- Finding properties for sale within their client’s range;
- Researching the history of a property in order to ensure that there are no encumbrances on the property, such as debt issues or easements;
- Assisting with mortgage and other loan issues;
- Assisting with an appraiser in order to help determine the property’s value;
- Representing the client during all negotiations; and/or
- Securing and finalizing the details of the sales contract.
Real estate agencies can provide a wide range of tasks and services. Additionally, laws vary greatly by state in terms of the scope of an agent’s duties and responsibilities.
What Are Licensed Real Estate Agent Relationships?
There are several methods that a home buyer or seller can use to establish an agency relationship with a licensed real estate agent. Some examples of such methods include:
- Express Contract: Express contracts can be either written or verbal. A listing agreement is the most common example of a written contract between an agent and a home seller. When the document is signed by both the principal and the licensee, an agency relationship is created. While verbal contracts are not as common, they may still be sufficient in terms of creating an agency relationship;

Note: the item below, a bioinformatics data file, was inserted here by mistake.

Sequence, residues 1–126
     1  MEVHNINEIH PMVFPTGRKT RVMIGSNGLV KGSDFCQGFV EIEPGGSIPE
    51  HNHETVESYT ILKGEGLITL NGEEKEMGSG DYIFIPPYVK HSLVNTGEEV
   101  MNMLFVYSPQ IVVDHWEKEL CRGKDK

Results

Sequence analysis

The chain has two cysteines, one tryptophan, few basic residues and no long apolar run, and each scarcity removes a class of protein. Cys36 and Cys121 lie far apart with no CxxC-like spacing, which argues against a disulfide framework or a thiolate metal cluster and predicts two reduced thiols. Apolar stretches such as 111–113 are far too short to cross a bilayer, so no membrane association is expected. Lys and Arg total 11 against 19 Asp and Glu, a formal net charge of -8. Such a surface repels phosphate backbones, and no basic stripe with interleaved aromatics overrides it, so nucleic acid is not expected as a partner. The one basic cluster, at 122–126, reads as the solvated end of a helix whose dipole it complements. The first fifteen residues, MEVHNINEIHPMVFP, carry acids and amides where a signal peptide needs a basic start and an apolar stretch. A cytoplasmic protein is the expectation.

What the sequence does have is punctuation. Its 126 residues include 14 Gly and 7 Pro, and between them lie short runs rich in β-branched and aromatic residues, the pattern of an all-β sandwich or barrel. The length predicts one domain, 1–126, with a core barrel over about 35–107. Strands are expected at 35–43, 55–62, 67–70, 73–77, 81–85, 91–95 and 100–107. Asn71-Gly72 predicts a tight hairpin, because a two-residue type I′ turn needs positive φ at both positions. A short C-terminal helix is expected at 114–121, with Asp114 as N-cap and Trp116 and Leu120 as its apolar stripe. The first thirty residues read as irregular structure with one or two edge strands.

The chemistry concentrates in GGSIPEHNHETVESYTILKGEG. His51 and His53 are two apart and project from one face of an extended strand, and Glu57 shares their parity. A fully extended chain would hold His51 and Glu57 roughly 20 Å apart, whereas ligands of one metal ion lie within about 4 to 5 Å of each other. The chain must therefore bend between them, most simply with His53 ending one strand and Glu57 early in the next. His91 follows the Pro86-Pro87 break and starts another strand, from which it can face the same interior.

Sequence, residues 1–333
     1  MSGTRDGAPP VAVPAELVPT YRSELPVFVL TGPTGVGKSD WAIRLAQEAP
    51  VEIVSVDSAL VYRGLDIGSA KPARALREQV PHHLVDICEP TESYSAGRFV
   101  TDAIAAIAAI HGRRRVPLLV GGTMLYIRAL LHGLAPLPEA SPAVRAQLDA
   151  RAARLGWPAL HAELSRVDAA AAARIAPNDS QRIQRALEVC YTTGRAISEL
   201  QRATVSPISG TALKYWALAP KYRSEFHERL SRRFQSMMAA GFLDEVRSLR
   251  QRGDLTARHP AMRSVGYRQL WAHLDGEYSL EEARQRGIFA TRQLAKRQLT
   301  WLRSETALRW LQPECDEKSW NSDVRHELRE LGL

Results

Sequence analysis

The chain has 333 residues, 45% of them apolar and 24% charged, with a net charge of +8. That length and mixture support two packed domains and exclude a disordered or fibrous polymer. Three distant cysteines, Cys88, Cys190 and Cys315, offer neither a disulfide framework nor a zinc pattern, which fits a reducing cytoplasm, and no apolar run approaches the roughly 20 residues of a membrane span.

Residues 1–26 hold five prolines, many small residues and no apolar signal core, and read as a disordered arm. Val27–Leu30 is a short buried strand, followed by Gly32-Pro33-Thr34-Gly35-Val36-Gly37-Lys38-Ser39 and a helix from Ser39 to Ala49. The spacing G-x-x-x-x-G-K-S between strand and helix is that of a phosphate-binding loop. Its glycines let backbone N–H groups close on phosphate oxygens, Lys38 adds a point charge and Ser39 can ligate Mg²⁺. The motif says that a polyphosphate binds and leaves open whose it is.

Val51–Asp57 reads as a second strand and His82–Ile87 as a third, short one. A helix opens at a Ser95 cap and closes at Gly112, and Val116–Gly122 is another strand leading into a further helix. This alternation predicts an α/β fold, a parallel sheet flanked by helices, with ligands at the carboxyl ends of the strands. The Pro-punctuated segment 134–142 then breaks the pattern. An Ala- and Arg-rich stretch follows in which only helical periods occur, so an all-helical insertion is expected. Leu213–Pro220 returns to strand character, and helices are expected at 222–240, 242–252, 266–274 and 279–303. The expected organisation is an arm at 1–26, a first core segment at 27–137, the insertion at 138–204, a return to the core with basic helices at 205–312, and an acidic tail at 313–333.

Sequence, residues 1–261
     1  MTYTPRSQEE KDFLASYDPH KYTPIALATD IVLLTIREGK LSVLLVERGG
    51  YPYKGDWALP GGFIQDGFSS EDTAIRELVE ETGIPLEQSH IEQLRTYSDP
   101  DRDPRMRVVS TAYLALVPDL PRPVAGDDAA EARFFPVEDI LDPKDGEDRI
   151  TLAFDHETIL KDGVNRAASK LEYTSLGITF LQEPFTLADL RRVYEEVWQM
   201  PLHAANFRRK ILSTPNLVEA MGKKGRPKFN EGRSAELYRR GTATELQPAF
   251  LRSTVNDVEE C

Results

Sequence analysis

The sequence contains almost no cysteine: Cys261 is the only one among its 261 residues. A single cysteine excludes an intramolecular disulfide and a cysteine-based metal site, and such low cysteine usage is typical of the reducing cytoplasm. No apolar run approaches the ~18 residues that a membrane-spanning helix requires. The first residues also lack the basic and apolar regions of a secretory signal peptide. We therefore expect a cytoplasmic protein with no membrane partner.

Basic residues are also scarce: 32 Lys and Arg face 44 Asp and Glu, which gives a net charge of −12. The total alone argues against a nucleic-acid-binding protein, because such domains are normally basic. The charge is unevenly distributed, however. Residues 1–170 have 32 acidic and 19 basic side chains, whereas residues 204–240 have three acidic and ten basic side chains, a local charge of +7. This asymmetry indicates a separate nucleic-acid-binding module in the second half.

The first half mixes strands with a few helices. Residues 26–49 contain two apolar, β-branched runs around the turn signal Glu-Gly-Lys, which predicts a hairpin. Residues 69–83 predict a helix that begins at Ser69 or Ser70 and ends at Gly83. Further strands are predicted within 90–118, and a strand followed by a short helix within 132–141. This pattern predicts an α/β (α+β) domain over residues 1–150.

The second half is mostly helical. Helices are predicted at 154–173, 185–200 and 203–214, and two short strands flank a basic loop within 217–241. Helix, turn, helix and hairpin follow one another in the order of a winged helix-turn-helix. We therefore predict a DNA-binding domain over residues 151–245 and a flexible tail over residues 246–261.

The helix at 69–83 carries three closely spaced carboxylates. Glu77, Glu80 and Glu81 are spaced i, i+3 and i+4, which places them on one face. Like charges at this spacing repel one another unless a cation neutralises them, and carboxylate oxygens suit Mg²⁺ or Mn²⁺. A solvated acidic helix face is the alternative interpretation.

- Implied Agency: An agency relationship may also be implied by the actions of the agent, as well as how a home buyer or seller relies on those actions when making their decisions. If someone acts as an agent, or leads you to believe that they are acting in your best interests as an agent would, they will generally be labeled as an agent and will be held to the same standards; and/or
- Gratuitous Agency: It is important to note that the payment of compensation does not determine whether an agency exists between an agent and a buyer or seller. What this means is that an agent does not have to be paid by the principal in order to be considered their agent.
In real estate transactions, an agent’s duty to their client(s) depends on which party(s) are being represented. An example of one requirement in all transactions would be that the agent must disclose to all parties which party(s) they will be representing. Because a licensee may be an agent for the buyer, the seller, or both, their duties will vary as follows: